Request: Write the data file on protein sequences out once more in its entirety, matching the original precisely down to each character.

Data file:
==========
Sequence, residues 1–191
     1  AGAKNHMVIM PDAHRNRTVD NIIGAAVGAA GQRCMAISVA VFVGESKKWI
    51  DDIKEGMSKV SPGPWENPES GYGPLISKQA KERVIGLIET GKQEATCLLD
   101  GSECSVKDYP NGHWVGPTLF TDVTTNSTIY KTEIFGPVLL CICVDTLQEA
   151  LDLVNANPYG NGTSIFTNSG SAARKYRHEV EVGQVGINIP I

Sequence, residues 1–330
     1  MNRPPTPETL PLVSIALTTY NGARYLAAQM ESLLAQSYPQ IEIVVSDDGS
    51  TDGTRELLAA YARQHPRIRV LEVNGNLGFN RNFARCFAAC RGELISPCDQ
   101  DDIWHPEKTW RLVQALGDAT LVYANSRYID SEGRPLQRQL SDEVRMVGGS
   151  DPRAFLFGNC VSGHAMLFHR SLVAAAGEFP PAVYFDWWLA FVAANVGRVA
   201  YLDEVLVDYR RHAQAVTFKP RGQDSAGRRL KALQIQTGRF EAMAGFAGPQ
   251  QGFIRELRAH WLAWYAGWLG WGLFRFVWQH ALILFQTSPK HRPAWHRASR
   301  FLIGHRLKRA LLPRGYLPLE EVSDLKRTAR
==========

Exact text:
Sequence, residues 1–191
     1  AGAKNHMVIM PDAHRNRTVD NIIGAAVGAA GQRCMAISVA VFVGESKKWI
    51  DDIKEGMSKV SPGPWENPES GYGPLISKQA KERVIGLIET GKQEATCLLD
   101  GSECSVKDYP NGHWVGPTLF TDVTTNSTIY KTEIFGPVLL CICVDTLQEA
   151  LDLVNANPYG NGTSIFTNSG SAARKYRHEV EVGQVGINIP I

Sequence, residues 1–330
     1  MNRPPTPETL PLVSIALTTY NGARYLAAQM ESLLAQSYPQ IEIVVSDDGS
    51  TDGTRELLAA YARQHPRIRV LEVNGNLGFN RNFARCFAAC RGELISPCDQ
   101  DDIWHPEKTW RLVQALGDAT LVYANSRYID SEGRPLQRQL SDEVRMVGGS
   151  DPRAFLFGNC VSGHAMLFHR SLVAAAGEFP PAVYFDWWLA FVAANVGRVA
   201  YLDEVLVDYR RHAQAVTFKP RGQDSAGRRL KALQIQTGRF EAMAGFAGPQ
   251  QGFIRELRAH WLAWYAGWLG WGLFRFVWQH ALILFQTSPK HRPAWHRASR
   301  FLIGHRLKRA LLPRGYLPLE EVSDLKRTAR